ul. Nowogrodzka 1/3/5, 00-513 Warszawa, tel. +48 22 529 06 60, fax +48 22 529 06 61; E-Mail: [email protected]
Information on intercountry adoption procedure in Poland for candidates habitually
resident in states parties to the Hague Convention of 29 May 1993 on Protection of
Children and Co-operation in Respect of Intercountry Adoption
The principal objective of adoption is to create a stable family environment for a child deprived
of natural parental care. Adoption results in the creation of a family relationship identical to the
one that exists between parents and their child.
Under Polish law, only minors can be adopted and only if it is in their best interest (Article 114
§ 1 of the Family and Guardianship Code).
The requirement of the child being a minor is satisfied if he/she is a minor on the day the
application for adoption is lodged. The court may, however, continue the adoption proceedings
and issue the final adoption order after the child has come of age.
Pursuant to the Family and Guardianship Code (Article 1141 §1), the persons who wish to adopt
a child must:
1. have full legal capacity which enables them to exercise all parental rights after the
2. have relevant personal qualifications, such as appropriate moral qualities, good state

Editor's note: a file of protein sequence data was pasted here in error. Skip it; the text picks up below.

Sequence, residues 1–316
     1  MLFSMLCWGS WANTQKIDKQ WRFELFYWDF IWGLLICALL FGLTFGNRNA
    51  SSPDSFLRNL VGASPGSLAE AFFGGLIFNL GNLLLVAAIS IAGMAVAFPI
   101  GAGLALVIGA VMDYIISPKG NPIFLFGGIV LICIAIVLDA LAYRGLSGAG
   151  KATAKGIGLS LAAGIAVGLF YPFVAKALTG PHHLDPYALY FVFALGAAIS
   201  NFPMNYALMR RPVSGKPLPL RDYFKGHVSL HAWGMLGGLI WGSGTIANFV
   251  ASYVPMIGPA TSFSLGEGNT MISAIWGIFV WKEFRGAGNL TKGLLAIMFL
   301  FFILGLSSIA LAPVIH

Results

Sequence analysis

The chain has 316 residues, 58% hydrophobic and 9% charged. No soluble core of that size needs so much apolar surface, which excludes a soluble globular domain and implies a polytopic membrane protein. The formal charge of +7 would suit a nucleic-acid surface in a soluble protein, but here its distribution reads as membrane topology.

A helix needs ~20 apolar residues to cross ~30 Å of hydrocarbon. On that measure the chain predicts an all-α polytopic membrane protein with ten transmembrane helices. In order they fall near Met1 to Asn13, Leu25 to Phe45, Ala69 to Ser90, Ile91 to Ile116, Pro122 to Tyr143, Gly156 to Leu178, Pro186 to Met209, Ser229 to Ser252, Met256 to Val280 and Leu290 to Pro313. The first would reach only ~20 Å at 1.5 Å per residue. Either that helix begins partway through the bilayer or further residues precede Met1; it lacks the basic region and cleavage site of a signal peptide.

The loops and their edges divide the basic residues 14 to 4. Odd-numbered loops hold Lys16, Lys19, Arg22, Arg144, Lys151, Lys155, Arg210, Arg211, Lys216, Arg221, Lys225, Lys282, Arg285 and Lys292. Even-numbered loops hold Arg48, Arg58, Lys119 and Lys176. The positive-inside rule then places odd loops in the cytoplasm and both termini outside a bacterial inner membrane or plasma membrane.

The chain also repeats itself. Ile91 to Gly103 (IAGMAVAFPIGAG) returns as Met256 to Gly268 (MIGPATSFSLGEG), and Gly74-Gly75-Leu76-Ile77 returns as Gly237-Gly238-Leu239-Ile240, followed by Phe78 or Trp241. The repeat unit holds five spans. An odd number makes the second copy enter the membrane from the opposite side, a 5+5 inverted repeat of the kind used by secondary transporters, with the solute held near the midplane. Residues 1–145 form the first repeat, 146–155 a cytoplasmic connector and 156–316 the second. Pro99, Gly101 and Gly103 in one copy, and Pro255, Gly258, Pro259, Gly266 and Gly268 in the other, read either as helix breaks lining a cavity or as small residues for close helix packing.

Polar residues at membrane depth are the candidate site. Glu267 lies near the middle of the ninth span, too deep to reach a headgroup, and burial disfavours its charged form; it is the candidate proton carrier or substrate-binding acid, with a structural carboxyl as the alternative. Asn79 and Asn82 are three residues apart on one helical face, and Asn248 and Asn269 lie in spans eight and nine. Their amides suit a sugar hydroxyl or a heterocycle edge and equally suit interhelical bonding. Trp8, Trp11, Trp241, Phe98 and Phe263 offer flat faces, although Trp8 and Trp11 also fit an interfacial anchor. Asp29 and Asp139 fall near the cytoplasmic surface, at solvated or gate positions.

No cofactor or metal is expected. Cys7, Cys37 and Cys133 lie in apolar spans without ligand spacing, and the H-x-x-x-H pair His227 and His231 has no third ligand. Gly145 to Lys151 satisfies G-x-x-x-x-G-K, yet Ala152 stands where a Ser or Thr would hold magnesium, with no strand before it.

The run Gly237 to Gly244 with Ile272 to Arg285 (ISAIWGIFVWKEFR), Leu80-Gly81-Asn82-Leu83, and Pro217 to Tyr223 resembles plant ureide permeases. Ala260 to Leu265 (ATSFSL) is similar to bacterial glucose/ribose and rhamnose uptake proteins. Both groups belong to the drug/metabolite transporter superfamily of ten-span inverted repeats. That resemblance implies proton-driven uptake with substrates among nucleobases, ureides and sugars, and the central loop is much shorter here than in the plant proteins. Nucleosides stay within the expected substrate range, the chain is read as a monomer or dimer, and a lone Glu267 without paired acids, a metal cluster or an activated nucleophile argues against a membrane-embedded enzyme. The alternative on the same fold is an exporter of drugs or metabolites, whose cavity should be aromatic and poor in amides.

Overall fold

of health and a stable financial situation, which ensure that they duly fulfill their parental
3. have obtained an eligibility assessment from the relevant adoption centre and
a certificate stating that they completed a training organized by that centre (the requirement for
completion of training with a Polish adoption centre does not apply to the prospective adoptive
parents who are habitually resident abroad).
In addition, an appropriate age difference must exist between the adopter and the adoptee.
Under Polish legislation, it lies within the competence of the court to assess what age difference
is appropriate in each particular case. The Polish regulator has not specifically indicated what
age difference is the appropriate one, as has been the case in certain other countries.
In accordance with Article 115 §1 of the Family and Guardianship Code, only a married couple
has the right to jointly adopt a child. Marriage is understood as a union of man and woman.